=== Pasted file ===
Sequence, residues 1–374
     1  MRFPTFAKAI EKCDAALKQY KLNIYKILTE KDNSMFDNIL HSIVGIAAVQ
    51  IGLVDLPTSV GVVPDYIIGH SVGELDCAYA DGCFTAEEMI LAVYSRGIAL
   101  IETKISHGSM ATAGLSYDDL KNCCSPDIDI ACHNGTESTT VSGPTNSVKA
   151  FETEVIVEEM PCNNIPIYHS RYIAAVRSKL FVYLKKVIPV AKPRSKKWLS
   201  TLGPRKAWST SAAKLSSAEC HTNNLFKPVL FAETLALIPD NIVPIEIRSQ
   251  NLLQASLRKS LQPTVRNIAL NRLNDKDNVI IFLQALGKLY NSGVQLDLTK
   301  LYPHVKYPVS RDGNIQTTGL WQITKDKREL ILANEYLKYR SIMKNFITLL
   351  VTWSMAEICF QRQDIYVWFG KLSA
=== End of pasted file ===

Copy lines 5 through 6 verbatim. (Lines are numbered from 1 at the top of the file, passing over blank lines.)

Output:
   151  FETEVIVEEM PCNNIPIYHS RYIAAVRSKL FVYLKKVIPV AKPRSKKWLS
   201  TLGPRKAWST SAAKLSSAEC HTNNLFKPVL FAETLALIPD NIVPIEIRSQ